By Linda Bordoni
"If the world is serious about saving lives, the time to act is now," says David Beasley, the Executive Director of the UN’s World Food Programme.
His appeal comes as WFP teams on the ground are seeing malnutrition levels “pushed well past emergency thresholds” with young children and new mothers in particularly dangerous situations.
Nearly half a million people have been displaced this year in Burkina Faso alone as the landlocked country becomes the new hunting ground for extremists linked to the Islamic State group and al-Qaida.
In fact, the UN’s World Food Programme noted, Burkina Faso saw more attacks in the first half of this year than it did in all of 2018 and a third of the country is now a conflict zone.
Fertile ground for jihadists
Farmers have been forced to abandon their fields, and as communities take in displaced people, already stretched resources are further depleted.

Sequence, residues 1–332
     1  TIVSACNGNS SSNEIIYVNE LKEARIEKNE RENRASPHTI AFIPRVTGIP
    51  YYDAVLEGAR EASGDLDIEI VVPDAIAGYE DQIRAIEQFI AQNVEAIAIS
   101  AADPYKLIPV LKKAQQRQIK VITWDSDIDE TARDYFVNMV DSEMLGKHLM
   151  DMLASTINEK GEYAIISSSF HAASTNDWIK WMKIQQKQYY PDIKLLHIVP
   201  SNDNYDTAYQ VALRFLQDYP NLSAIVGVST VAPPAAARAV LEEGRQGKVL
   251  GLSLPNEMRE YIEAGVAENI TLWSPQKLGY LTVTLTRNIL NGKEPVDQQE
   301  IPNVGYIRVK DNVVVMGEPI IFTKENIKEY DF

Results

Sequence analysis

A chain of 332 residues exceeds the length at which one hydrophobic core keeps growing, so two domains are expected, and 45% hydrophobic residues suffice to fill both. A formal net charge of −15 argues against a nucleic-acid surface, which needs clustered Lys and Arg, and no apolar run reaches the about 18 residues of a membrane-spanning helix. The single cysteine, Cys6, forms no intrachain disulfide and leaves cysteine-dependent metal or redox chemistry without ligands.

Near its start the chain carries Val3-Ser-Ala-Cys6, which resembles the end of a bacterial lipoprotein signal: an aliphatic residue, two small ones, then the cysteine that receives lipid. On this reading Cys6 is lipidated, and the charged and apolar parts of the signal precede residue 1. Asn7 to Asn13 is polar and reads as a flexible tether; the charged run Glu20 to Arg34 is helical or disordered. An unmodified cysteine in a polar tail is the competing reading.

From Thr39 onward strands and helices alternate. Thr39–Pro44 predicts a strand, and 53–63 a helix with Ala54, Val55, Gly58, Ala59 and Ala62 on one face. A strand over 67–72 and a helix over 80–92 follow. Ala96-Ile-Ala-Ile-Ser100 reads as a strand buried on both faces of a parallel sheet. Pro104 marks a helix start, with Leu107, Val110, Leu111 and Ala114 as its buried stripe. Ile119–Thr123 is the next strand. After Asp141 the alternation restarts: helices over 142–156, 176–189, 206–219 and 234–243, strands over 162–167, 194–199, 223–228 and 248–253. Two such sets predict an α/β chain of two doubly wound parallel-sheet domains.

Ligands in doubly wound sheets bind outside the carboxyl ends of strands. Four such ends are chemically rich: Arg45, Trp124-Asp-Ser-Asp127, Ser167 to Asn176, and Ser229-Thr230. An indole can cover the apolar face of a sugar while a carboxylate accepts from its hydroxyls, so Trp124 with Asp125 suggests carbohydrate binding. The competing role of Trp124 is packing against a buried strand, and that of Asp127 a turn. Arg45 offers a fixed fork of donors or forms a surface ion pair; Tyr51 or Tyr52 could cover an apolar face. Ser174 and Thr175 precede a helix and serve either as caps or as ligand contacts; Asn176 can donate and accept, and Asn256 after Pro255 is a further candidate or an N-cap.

WFP is assisting more than 2.6 million people in Burkina Faso, Mali and Niger. It says 150 million US dollars are urgently needed in a region where some 20 million people live in conflict-affected areas.
Analysts observe that in a region, that in itself, already has a lot of problems” such as drought, poverty, weak government, unemployment and lack of services, extremists find fertile ground to exploit those troubles and deprived communities turn on each other amid allegations of supporting the jihadists.
Pope Francis’ appeal
Pope Francis issued an appeal for the promotion of interreligious dialogue in Burkina Faso just last week. He called on authorities to protect vulnerable civilians and step up their efforts to find a solution to the violence.
“I encourage civil and religious authorities and all those motivated by good will to multiply their efforts, in the spirit of the Abu Dhabi Document on Human Fraternity, to promote interreligious dialogue and harmony”, he said speaking during his weekly General Audience in the Vatican.